My Goals

  • Tender, intact onions

  • Lots of char and caramelization

  • A flavorful finish

While grilled onions are typically used as part of a grilled vegetable mix, their sharp, sweet bite; caramelized edges; and crisp-tender texture are so good that I wondered if I could create a version worthy of being a side dish all on its own. I’d opt for the common yellow variety and would serve onion halves, rather than separating them into rings or cutting them into wedges, since I wanted a substantial side dish that presented well. The trick would be figuring out how to cook them evenly. To serve the onions as a stand-alone dish, I wanted to cook them longer in order to mellow their sharp bite and soften their texture. I would have to figure out how to achieve this without burning their exteriors.

To that end, medium heat was my best bet for giving the halves enough time to cook through without burning. But simply putting the onion halves on the grill and cooking them until charred and tender left a lot to be desired. The onions had dried out too much and required frequent turning to make sure they didn’t burn. And with all the handling, they came apart by the time they were done.

Our five-recipe test included a range of onion varieties and methods of preparation, but we decided that versatile yellow onion’s strong but mellow flavor made it a perfect candidate for our side dish.

My first change was to modify the way I prepped them. Following the lead of other recipes I’d found, I had been cutting the onions crosswise through the middle. But cut this way, they had no chance of holding together—the rings toward the center popped right out. Cutting them from pole to pole (in other words, from root end to stem end) gave each half a better chance of staying in one piece.

To prevent them from drying out too much, I tried wrapping each half in foil before grilling; I hoped that the onions would cook through gently in the moist heat while developing some browning through the foil. Indeed, these onions were very tender, but the flat side, which had been facing the grate, bordered on burnt. And even worse, they lacked any charred flavor from the grill since they hadn’t been directly exposed to the flames.

Failed Test

Cooking whole onions in the coals makes them taste steamed versus grilled.

I needed a hybrid approach. I scrapped the fussy individual packets and instead arranged the halves cut side down in an aluminum roasting pan. And to keep the exteriors from charring, I left the skins on. I covered the pan and let the onions cook until they were softened before transferring them to the grill grate to finish cooking. Unfortunately, there was so much residual moisture from the steaming that the onions didn’t pick up much char, and they were difficult to handle since they were so soft.

After grilling the onion halves facedown on the grate, we transfer them to an aluminum pan and steam them, covered, on the grill until cooked through.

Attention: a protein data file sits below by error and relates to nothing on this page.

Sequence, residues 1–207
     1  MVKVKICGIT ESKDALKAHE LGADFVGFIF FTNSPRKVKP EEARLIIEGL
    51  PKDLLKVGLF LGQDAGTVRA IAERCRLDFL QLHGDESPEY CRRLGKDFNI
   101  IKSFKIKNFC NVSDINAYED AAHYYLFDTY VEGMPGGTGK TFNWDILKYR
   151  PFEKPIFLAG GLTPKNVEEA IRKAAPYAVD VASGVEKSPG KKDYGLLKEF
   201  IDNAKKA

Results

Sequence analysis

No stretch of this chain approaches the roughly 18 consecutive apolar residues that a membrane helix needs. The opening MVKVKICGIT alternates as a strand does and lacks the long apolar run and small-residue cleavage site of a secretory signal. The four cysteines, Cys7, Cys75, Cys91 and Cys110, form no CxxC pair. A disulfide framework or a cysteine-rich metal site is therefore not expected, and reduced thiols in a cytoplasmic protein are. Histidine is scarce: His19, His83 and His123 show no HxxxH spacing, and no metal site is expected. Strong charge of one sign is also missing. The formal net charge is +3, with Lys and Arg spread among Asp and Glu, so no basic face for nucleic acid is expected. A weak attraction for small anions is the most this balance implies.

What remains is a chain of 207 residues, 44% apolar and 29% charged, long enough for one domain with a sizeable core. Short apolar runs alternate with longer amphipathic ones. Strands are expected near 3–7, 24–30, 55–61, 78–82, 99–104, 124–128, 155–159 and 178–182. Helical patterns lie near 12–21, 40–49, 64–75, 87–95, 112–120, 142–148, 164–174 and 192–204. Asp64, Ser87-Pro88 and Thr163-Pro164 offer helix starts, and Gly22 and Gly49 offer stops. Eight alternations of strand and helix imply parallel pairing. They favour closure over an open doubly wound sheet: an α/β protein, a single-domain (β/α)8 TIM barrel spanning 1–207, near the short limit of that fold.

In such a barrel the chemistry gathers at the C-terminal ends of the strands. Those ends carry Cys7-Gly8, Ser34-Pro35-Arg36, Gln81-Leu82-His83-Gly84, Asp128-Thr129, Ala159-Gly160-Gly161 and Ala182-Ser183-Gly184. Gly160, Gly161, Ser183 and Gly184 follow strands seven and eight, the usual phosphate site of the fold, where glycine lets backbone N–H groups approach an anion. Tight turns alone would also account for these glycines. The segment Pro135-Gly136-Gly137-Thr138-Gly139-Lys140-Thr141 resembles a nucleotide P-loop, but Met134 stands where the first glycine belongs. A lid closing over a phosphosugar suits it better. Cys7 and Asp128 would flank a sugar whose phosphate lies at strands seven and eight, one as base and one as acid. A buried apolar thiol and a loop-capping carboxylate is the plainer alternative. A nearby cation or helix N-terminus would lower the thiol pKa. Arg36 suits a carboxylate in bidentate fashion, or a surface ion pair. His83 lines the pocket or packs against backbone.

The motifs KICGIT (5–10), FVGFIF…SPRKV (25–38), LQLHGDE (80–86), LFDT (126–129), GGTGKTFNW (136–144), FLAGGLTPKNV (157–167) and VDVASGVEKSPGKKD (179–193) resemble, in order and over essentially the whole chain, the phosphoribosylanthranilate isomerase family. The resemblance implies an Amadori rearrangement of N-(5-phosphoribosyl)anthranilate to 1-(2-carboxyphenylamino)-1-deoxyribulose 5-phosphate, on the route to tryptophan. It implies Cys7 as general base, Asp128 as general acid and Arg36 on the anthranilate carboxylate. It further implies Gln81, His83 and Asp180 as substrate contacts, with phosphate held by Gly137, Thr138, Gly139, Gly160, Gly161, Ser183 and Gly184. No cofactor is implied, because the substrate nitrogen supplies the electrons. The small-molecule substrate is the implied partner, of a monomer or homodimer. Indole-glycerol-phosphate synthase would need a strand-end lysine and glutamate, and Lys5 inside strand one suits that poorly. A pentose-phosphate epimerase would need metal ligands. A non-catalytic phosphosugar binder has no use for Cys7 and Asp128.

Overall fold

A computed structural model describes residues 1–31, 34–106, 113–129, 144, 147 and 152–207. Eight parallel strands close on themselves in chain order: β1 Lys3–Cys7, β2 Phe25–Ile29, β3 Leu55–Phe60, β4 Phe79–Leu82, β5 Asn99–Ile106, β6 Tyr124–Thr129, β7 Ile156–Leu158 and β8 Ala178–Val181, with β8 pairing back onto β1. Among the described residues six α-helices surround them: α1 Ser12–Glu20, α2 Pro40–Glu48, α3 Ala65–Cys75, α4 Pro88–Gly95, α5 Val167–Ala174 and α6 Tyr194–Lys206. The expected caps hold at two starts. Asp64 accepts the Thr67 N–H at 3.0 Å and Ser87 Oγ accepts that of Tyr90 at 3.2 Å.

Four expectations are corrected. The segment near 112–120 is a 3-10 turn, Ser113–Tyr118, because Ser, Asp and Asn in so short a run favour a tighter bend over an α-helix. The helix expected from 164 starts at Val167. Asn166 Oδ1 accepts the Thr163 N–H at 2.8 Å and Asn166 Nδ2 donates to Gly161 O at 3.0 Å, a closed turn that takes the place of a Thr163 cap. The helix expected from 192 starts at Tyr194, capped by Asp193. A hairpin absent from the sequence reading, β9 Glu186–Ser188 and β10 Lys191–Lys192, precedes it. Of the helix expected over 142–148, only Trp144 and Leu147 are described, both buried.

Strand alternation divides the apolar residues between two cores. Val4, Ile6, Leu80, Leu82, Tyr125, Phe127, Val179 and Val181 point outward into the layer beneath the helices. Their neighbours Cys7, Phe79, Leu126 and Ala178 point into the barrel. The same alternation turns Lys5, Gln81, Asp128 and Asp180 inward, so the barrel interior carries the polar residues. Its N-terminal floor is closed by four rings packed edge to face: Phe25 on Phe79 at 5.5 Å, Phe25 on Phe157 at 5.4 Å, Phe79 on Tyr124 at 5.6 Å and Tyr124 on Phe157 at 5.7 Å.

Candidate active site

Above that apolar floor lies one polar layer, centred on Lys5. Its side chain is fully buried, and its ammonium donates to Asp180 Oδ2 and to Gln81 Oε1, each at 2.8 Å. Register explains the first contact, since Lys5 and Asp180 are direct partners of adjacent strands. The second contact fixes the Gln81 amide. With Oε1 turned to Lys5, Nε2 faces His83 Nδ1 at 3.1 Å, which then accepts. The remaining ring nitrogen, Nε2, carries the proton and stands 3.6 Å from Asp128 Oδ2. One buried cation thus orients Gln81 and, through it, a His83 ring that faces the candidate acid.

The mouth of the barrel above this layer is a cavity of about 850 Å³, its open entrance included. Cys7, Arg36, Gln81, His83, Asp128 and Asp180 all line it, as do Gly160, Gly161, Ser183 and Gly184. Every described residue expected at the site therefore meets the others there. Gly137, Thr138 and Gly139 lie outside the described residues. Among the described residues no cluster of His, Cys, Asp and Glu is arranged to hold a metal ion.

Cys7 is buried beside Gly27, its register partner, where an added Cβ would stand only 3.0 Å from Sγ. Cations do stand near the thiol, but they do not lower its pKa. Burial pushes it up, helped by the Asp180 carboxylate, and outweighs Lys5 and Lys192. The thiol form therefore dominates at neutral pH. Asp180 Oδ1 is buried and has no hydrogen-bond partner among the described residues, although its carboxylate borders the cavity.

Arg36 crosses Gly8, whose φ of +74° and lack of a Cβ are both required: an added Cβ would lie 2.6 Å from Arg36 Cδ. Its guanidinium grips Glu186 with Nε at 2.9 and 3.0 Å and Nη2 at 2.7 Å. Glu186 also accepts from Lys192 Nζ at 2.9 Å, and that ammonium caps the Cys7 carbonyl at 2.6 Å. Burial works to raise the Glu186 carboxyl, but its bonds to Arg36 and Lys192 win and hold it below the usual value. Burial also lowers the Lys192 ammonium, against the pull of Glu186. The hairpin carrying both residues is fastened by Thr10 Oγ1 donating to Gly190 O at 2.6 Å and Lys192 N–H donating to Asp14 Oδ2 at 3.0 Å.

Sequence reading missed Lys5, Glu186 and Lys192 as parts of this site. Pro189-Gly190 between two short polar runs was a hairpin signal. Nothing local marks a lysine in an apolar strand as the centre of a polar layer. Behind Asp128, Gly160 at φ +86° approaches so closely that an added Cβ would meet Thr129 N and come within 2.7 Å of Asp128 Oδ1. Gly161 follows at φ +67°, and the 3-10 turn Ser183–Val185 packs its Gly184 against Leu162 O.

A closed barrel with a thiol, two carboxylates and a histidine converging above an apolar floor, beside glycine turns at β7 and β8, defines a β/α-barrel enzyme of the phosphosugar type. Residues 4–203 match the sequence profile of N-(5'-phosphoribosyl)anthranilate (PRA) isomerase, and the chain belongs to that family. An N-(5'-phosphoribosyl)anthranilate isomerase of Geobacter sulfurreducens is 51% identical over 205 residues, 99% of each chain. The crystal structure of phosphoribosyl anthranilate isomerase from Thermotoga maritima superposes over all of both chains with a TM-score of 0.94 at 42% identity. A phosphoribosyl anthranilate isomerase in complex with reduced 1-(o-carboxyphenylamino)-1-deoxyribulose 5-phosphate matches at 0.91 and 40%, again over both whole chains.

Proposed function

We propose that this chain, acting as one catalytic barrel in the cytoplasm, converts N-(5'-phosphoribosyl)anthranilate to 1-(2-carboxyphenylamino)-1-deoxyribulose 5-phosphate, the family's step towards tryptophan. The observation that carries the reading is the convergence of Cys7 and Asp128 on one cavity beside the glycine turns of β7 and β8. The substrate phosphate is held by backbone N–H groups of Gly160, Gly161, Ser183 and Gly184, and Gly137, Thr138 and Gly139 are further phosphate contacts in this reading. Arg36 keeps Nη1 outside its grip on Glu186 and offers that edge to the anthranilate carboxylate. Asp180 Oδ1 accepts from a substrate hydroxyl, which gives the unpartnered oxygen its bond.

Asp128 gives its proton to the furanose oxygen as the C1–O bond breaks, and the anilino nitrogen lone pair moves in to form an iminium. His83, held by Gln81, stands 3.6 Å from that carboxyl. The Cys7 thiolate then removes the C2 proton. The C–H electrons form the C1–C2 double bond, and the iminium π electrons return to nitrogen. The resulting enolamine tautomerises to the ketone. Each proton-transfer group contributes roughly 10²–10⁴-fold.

So I reversed the order. I began grilling the halves cut side down on the grate until charred. Then I transferred them cut side up to the pan, covered the pan, and let them steam until a paring knife slipped easily in and out of each half. These onions held together and had a buttery-rich texture, with great caramelization on the bottom side that had been against the pan. But the char, though impressive going into the pan, had washed out a bit in the steamy environment. The fix was twofold: I left the onions cut side down on the grate for several minutes to bolster the char, and I briefly grilled the rounded side over direct heat, too.

The last piece of the puzzle was to create a dressing that would complement the smoky-sweet flavor of the onions.

My tender, caramelized, smoky onions just needed a quick, flavorful finish. An herb-flecked butter seemed promising, but the richness overwhelmed the onions. Instead, I whisked together a simple balsamic vinaigrette to drizzle over the onions before serving. The dressing complemented their sweetness and provided some necessary contrasting acidity. With a final sprinkling of minced chives, I had grilled onions well worthy of side-dish status.

Keys to Success

  • Tender, intact onions

    Cutting the onions in half from root end to stem end helped them hold together on the grill. Cooking them directly on the grate to develop char and then cooking them through in a covered disposable pan made them tender throughout and minimized handling.
  • Lots of char and caramelization

    Halved onions provided a flat surface for developing lots of char. We left them cut side down over the direct heat until they were well browned and then grilled the rounded sides over direct heat for a few minutes to get even more char. As the onions steamed, the bottom portion in contact with the pan caramelized; leaving the skins on ensured that the onions didn’t burn.
  • A flavorful finish

    A balsamic vinaigrette lent bright acidity and flavor that complemented the chargrilled, sweetly caramelized onions, while a sprinkling of minced chives brought color and freshness.